March 20, 2013 / 7:33 PM / in 7 years

Central African Republic rebels end truce

PARIS/BANGUI (Reuters) - Rebels in the Central African Republic called off a truce on Wednesday, accusing the government of reneging on a January peace deal, but said they would give regional mediators a chance to settle the dispute before they resumed fighting.

Central African president Francois Bozize looks on during a news conference at the presidential palace in Bangui January 8, 2013. REUTERS/Luc Gnago

The Seleka rebel group, which came close to taking the capital Bangui late last year, said a 72-hour deadline for the president to honour the terms of the deal had now passed.

“All options are being studied by our military command ... President (Francois) Bozize ... should draw the right conclusion and present his resignation,” the movement’s spokesman Eric Massi said by telephone in Paris.

The expiration of the deadline meant “the possible resumption of hostilities,” he added. No one was immediately available to comment from CAR’s government.

France’s foreign ministry said earlier on Wednesday it had convened a meeting of the U.N. Security Council to discuss the fragile situation in its former colony.

The standoff is the latest in a series of rebel incursions, clashes and coups that have plagued the landlocked nation in the heart of Africa since its independence in 1960.

CAR remains among the least developed countries in the world despite rich deposits of gold, diamonds and uranium.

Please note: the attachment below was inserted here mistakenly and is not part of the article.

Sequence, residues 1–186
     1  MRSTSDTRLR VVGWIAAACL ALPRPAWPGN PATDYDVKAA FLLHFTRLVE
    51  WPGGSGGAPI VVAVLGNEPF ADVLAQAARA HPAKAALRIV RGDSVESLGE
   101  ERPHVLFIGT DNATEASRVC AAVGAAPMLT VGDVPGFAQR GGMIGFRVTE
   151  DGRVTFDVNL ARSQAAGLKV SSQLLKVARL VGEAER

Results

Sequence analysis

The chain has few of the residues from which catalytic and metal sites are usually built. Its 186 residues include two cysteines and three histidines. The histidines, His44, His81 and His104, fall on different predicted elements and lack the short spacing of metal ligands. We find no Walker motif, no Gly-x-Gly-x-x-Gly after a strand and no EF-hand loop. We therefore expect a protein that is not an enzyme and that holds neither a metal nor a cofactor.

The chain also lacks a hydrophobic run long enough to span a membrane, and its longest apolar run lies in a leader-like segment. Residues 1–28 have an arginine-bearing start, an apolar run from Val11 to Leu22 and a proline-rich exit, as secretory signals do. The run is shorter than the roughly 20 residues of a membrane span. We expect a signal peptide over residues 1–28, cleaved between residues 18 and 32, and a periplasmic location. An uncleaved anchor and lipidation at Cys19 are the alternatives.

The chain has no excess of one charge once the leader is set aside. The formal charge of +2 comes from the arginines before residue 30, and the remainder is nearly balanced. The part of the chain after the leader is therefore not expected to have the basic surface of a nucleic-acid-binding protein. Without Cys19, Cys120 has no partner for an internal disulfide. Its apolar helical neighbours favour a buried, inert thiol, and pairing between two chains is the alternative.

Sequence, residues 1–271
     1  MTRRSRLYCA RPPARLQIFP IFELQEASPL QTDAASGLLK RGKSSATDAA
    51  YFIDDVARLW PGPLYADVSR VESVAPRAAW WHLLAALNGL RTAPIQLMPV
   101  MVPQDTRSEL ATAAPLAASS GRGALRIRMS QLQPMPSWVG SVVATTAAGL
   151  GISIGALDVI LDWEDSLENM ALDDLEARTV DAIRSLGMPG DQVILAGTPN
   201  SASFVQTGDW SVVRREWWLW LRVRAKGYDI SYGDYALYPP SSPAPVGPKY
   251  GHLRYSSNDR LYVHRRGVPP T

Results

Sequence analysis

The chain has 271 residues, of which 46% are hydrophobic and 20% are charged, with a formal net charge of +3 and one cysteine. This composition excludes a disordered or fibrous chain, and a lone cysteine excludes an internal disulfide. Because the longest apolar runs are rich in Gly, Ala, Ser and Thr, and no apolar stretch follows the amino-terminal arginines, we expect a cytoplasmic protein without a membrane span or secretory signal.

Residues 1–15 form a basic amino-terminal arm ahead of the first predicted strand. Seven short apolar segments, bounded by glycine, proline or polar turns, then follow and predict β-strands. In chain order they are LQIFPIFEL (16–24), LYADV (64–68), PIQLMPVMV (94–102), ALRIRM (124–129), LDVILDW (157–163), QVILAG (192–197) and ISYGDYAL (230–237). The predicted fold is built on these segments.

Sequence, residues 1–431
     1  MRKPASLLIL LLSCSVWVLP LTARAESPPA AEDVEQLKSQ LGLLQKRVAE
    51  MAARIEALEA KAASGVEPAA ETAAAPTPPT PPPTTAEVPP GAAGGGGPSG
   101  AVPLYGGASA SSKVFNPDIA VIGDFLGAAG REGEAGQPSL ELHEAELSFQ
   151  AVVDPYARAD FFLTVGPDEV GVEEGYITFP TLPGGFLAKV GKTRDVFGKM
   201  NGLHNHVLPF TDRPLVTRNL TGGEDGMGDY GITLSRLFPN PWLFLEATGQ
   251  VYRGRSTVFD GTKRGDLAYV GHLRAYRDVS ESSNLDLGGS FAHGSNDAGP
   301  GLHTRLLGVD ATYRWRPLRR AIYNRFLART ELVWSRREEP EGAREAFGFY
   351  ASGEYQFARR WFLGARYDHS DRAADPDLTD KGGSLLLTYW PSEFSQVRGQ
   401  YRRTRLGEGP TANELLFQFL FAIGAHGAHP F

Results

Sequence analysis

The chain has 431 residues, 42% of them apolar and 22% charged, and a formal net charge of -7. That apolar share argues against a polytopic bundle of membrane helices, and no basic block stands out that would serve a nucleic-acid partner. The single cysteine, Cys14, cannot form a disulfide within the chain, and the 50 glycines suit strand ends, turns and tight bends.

The spill-over of conflicts in neighbouring Chad, Sudan and Democratic Republic of Congo have undermined efforts to stabilise it.

Seleka - a loose umbrella group of insurgents - made its advance on the capital last year after accusing the government of failing to honour an even earlier peace agreement to give its fighters jobs and cash in exchange for laying down their arms.

Regional powers including Chad and South Africa sent in troops to bolster the government and helped negotiate the January settlement.

Seleka says the president had now failed to keep his promise to send remaining South African troops out of the country and to incorporate 2,000 rebels into the army.

CAR spokesman Massi said all options were on the table ahead of the expected arrival in coming days of Chad’s President Idriss Deby and Congo Republic’s President Denis Sassou Nguesso to broker talks in Bangui.

Paris increased the number of its troops in CAR to 600 in December to protect citizens working there, many of them in the key mining industry.

French nuclear energy group Areva mines the country’s Bakouma uranium deposit.

The United States said on Sunday it was concerned about worsening security, urging all sides to implement the ceasefire deal.

Editing by Andrew Heavens and Daniel Flynn

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